Last updated: 25 September, 2012

Meshaal, the head of Hamas, is determined to step down

Khaled Meshaal, the head of the Hamas movement, has reaffirmed his decision to relinquish leadership of the group, Hamas officials said on Tuesday.

The movement in January announced its longtime leader-in-exile was ready to step down from his post, but said members were hoping he would reconsider his decision.

But Hamas officials in Gaza and outside the Palestinian territories said Tuesday that Meshaal was determined to give up the leadership.

“It seems that Abu al-Walid (Meshaal) has taken the decision not to stand again as a candidate for the head of the political bureau of the movement,” a Hamas member in Gaza told AFP on condition of anonymity.

“That’s what he told members of the political bureau and the leadership during a meeting in Cairo this month.”

The comments confirmed a posting on the official Facebook page of Izzat al-Rishq, another senior Hamas leader in exile.

“During the last meeting of the political bureau of the movement, which included leaders inside and in exile, and as leadership elections approach, brother Khaled Meshaal reiterated his wish not to accept candidacy for the head of the political bureau,” he wrote.

“Although leaders and key figures from the movement inside (the Palestinian territories) and outside called on brother Abu al-Walid to continue to lead the movement, he stuck to his position and offered his thanks to the movement’s leaders and members.”

Meshaal’s departure comes after growing friction between the leadership-in-exile, formally based in Damascus but dispersed since the Syrian uprising began, and the leadership on the ground in the Gaza Strip.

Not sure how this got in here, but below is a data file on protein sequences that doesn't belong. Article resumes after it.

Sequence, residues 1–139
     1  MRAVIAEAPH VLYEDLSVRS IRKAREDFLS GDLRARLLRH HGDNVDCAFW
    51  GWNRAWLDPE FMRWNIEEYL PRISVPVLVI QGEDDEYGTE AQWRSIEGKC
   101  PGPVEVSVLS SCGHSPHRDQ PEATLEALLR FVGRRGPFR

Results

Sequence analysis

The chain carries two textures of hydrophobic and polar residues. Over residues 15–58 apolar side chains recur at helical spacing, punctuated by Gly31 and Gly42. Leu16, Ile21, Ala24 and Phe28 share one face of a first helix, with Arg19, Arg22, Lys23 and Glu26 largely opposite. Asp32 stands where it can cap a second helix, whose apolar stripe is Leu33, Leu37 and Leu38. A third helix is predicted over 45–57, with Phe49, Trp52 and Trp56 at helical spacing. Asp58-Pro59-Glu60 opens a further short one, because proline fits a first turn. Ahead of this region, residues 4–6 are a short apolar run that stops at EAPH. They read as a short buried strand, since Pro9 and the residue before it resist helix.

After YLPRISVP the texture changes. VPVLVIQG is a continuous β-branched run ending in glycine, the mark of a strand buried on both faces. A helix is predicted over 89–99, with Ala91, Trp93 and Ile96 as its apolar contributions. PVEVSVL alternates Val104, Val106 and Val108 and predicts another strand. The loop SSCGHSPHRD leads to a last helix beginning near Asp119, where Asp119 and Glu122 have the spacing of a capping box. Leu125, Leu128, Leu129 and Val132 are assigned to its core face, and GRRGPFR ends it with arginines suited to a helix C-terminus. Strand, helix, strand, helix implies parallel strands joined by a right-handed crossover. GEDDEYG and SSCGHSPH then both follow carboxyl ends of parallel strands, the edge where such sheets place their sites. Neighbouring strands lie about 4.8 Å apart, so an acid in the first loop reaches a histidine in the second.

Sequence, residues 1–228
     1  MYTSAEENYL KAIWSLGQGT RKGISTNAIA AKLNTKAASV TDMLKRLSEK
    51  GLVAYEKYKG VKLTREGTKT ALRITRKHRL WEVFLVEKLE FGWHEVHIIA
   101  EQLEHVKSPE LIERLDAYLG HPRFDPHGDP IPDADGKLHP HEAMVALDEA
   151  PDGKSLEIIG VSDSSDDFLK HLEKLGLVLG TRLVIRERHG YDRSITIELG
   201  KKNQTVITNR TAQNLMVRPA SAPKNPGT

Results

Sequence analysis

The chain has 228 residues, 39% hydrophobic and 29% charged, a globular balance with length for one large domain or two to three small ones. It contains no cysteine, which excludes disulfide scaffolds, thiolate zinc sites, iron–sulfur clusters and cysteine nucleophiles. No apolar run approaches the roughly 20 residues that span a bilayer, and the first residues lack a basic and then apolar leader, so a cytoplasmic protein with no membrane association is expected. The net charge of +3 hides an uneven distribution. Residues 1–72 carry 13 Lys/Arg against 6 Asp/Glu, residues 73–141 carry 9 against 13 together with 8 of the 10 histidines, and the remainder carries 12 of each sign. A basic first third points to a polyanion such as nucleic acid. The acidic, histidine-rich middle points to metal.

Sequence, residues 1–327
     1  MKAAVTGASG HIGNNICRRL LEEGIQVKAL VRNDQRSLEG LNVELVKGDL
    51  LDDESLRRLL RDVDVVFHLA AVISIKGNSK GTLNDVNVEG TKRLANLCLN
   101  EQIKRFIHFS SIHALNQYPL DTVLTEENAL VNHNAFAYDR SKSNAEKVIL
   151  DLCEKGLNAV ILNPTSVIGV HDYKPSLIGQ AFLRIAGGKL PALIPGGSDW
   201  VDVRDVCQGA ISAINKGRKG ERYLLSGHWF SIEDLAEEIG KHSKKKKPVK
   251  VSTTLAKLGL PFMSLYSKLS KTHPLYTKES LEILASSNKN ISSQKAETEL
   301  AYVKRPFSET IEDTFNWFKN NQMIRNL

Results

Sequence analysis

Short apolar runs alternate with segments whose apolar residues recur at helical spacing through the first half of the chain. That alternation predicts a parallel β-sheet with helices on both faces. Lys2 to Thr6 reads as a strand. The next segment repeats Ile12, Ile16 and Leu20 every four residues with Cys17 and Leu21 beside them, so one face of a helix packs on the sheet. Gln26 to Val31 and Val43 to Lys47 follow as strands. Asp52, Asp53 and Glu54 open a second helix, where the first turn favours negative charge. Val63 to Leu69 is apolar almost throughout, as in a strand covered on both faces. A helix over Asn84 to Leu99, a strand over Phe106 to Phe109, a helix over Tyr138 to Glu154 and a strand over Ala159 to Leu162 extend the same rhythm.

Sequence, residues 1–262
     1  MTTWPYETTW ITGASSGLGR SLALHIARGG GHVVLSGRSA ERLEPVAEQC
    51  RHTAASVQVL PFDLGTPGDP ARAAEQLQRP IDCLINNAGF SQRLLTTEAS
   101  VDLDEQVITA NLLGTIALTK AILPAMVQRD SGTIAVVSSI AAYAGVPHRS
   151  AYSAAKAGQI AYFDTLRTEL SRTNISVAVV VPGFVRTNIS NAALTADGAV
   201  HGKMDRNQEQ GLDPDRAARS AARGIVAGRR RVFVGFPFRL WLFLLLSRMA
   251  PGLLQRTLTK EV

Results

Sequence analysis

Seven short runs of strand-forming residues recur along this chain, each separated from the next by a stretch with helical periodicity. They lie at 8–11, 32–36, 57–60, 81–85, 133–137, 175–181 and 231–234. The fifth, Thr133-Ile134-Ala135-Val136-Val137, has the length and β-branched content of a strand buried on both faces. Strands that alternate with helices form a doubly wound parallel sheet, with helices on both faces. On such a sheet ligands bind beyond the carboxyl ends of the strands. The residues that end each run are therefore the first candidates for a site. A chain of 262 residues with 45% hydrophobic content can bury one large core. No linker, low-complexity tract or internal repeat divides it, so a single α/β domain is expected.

Since taking control of the coastal strip, the Hamas movement in Gaza has boosted its profile, growing increasingly financially independent but also openly disagreeing with decisions taken by the leadership-in-exile.

Meshaal was publicly criticised by Hamas members inside Gaza during his bid to cement a now-stalled reconciliation process between the Islamist movement and the rival Fatah movement headed by Palestinian president Mahmud Abbas.

And the Gaza Hamas official told AFP that it was “time that the head of the movement be inside, and on Palestinian soil.”

“The balance of forces on the ground has been affected by political developments in the region and the world,” he added.

A Hamas official in exile acknowledged that Meshaal has faced “difficulties with certain leaders in Gaza,” particularly over the reconciliation process, though he added that “these obstacles will be overcome.”

Hamas said in January that Meshaal would remain active “in the service of the people, the movement and the Palestinian cause.”

The political bureau is Hamas’s principal decision-making body and its members are elected by secret ballot by the much larger consultative council.

Among the leading candidates to replace Meshaal are his number two, Mussa Abu Marzuq, who also lives in exile; the leader of the Hamas government in Gaza, Ismail Haniya, and another prominent Gaza Hamas figure, Mahmud Zahar.